Layne Christensen: Water Works
11/29/2013 7:00 am EST
We believe that water-related issues will continue to grow in importance around the globe, and we think this bodes well for our latest turnaround candidate, forecasts George Putnam, editor of The Turnaround Letter.
Over its 130-year history Layne Christensen (LAYN) has evolved from a domestic water company into a global provider of services to the water infrastructure, mining, and oil and gas industries; its clients include both governmental and private entities.
The company has encountered a variety of headwinds. Its Heavy Civil division bid too aggressively on several large projects a couple of years ago, and the company has been losing money on those projects ever since.
In addition, its Mining division has suffered from the global slowdown in the mining sector, as commodity prices have fallen. As a result, the company has reported sizable losses for two years.
While the red ink may continue to flow for a few more quarters, Layne has a number of the features that we like to see in a turnaround: a strong market position, a new CEO, a catalyst for change, a decent balance sheet, and exposure to a growing market.
With its long history, Layne is a major player in most of its lines of business. For example, in the water sector in the US, it is the largest driller of wells, number two in trenchless pipeline rehabilitation, and one of the top five in sewer repair and construction. In the mining sector, it is the third largest provider of drilling services.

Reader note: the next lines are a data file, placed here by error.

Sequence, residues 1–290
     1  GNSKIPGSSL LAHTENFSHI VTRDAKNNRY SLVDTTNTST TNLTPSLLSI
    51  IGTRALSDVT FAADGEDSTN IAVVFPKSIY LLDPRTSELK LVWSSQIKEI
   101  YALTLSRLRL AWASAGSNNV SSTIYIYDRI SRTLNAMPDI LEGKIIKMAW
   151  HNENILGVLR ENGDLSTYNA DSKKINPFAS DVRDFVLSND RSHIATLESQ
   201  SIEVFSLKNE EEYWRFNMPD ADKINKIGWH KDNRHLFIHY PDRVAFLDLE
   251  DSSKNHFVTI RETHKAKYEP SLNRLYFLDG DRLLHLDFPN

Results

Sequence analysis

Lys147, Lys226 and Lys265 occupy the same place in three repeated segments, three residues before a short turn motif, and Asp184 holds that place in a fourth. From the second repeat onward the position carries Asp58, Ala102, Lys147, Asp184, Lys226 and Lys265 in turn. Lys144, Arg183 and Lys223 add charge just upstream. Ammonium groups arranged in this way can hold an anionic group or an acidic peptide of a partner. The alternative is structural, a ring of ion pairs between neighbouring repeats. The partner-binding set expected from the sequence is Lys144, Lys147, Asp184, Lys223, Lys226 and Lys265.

In 2011, the company brought in a new CEO, Rene Robichaud, who has a strong resume as a turnaround leader. In a previous post, he turned around a maker of tubular steel products, eventually selling the company for about ten times its market value, from when he took over six years earlier.
At Layne, Robichaud has taken a number of steps, including realigning business units to make executives more accountable, divesting non-core assets, and creating a culture of more disciplined budgeting.
The most immediate catalyst for improved results is the completion of most of the poorly bid, unprofitable projects. In the latest quarter, the Heavy Civil division reported “essentially break-even results,” after several periods of large losses, and it is expected to be profitable later in the fiscal year.
The balance sheet is decent, with a manageable debt load of about $100 million. Cash flow is improving, with many of the recent losses coming from non-cash write-downs.
In addition to improved prospects in its traditional business lines, Layne has strong growth potential in the newer parts of the oil and gas services sector. Layne's water management expertise is likely to be in high-demand in the fast-growing and water-intensive hydraulic fracturing (or “fracking”) area.
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